“I don’t know where exactly Web 3.0 is going to go,” says the Digital Harbor Foundation’s Shelly Blake-Plock. “But I do recognize that we’re going to see smarter computers and the digital and physical worlds merge in very real, practical ways.”
Published one year ago - this is an excellent read for school leaders and others wanting to see what a very future focussed school librarian looks like. Supporting learning and literacy through great library practice!
4 High Schools Using Projects to Promote Deeper Learning Education Week News (blog) Schools in the New Tech Network, Big Picture and Envisions network provide additional best practice examples of schools that incorporate relevant learning...
The value of what might be called “fan literacies” to the teaching of skills and concepts related to a range of curricular content, including (so far) writing fiction, the Hero’s Journey, and digital literacy/netiquette.
Web 2.0 is the terminology assigned to define websites that have been refurbished from an earlier version of the internet.
Since most Web 2.0 features are free, websites such as Facebook, Wikipedia, etc. have developed remarkably fast and, as these sites grow, more innovative features are being added using new technologies. In fact, Web 2.0 will continue to grow in the future.
The simultaneous growth of these new trends is outside the scope of Web 2.0’s definition and this is where the next generation of the internet will begin. The third generation of the internet – the Web 3.0 – will completely alter social networking.
‘Web 3.0’ is a network of information that can be routed both directly or indirectly using computers and includes television quality video, three dimensional reproductions of images, enhanced reality, man-made semantic barometers, and the all-encompassing sensors – wireless and broadband.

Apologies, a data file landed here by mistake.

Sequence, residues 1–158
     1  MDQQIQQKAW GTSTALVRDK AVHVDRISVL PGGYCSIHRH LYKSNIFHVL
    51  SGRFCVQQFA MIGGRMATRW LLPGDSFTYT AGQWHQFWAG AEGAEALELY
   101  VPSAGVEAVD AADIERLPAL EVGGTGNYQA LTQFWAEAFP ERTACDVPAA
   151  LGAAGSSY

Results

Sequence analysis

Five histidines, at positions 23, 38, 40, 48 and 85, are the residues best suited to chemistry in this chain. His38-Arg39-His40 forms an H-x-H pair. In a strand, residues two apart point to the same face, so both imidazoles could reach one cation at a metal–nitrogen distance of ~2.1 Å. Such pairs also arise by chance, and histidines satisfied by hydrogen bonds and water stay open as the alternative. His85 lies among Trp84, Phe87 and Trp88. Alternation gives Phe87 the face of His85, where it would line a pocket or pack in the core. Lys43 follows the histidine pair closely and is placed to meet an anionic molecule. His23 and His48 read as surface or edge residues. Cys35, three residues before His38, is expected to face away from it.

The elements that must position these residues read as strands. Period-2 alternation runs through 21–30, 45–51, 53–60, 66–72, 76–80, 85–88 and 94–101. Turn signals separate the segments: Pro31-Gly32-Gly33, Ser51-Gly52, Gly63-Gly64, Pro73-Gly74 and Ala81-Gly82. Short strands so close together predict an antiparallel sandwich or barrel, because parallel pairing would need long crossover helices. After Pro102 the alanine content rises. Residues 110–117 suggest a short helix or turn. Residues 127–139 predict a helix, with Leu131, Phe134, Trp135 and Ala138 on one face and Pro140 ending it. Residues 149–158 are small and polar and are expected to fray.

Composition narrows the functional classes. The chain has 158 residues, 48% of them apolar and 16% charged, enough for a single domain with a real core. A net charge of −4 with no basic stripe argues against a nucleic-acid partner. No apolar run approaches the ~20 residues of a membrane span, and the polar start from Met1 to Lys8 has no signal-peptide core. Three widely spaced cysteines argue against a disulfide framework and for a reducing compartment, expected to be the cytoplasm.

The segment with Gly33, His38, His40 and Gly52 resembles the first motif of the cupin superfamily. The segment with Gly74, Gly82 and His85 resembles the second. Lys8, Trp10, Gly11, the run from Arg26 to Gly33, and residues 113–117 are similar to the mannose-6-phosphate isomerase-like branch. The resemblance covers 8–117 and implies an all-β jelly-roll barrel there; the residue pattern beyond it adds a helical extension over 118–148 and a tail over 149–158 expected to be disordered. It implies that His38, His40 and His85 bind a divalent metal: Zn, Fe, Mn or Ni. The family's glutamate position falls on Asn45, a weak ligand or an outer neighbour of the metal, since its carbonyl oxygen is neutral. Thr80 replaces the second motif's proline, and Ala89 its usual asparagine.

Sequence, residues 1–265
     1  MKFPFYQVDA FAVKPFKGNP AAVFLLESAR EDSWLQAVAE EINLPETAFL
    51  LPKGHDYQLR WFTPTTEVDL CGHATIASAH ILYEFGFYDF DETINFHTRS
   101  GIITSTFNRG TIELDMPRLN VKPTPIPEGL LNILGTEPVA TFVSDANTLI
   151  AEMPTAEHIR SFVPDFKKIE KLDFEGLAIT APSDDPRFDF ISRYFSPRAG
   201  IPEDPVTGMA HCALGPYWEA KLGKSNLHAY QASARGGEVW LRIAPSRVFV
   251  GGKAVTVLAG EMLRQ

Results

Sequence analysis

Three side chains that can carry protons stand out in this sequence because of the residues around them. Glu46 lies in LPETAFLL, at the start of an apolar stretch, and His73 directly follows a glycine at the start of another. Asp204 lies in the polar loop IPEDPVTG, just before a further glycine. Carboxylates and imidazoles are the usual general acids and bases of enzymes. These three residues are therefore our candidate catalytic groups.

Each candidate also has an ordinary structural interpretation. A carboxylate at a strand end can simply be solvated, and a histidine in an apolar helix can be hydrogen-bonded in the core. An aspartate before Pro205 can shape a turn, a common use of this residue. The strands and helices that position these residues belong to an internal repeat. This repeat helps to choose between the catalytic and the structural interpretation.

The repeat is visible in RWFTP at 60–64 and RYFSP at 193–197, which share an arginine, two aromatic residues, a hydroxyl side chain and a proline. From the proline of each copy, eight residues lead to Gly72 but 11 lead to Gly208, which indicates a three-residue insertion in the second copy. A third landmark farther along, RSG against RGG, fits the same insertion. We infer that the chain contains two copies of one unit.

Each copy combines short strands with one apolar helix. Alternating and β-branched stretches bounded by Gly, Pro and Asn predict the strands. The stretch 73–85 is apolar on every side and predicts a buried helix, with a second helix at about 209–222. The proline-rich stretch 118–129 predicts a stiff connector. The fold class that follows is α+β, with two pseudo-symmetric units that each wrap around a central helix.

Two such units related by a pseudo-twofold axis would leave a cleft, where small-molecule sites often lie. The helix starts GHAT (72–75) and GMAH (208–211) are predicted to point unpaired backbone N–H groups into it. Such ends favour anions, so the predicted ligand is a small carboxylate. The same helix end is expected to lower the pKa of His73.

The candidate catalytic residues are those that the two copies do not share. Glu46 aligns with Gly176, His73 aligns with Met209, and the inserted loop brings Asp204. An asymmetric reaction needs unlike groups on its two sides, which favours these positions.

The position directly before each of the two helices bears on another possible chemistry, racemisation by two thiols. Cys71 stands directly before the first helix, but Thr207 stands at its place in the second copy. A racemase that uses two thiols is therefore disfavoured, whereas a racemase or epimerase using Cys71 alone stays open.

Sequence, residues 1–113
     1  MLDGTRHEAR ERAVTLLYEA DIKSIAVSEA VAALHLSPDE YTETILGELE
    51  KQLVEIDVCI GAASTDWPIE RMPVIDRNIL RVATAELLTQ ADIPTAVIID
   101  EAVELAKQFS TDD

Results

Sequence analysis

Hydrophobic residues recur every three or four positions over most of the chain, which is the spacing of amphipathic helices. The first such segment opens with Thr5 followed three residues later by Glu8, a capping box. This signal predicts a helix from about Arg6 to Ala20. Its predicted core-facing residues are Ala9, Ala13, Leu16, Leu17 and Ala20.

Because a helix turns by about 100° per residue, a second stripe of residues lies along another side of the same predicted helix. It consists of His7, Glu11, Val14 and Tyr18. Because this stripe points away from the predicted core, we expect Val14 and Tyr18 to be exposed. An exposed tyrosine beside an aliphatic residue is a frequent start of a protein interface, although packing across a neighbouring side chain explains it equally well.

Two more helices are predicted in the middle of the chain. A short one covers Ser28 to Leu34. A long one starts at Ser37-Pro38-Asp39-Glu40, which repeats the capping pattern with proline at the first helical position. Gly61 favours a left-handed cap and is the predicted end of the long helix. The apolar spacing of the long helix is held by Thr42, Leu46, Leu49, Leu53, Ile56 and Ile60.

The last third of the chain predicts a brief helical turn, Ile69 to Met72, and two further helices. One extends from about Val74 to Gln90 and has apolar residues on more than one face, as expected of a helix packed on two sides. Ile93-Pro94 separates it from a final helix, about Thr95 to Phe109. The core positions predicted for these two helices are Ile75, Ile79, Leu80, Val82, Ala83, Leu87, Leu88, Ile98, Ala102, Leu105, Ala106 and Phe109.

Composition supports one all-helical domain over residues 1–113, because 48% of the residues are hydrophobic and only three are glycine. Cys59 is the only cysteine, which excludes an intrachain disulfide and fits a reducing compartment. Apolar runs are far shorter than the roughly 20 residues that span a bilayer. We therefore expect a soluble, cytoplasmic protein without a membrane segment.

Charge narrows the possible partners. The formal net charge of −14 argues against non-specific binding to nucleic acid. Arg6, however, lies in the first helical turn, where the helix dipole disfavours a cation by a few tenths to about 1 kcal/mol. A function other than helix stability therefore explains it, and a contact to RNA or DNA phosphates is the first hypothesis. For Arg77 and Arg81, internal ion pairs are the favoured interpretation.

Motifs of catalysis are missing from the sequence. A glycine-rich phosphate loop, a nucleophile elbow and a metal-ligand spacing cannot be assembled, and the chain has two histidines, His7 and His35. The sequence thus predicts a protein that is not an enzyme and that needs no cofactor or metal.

Information overload, information crap,information pollution...are some of the words that are being used now to describe the tsunami of irrelevant information we are bombarded with day and night.In December 2009, Google began customizing its search results for all users, and we entered a new era of personalization. With little notice or fanfare, our online experience is changing, as the websites we visit are increasingly tailoring themselves to us.Everywhere you turn you find information that seems relevant to you but in fact is nothing but crap. This is probably why Eli Pariser recommended what he called Information Bubble.
Howard Rheingold is another guy who has done a lot of writings on Information Crap. I have already reviewed his awesome book Net Smart: How to Thrive Online in an article posted last year. Today I am sharirng with you some of the great resources I learned from Howard himself about how to detect crap information and the literacies we need to develop and teach to our students to make them better internet users. Check out the links below and share with us what you think of them. Enjoy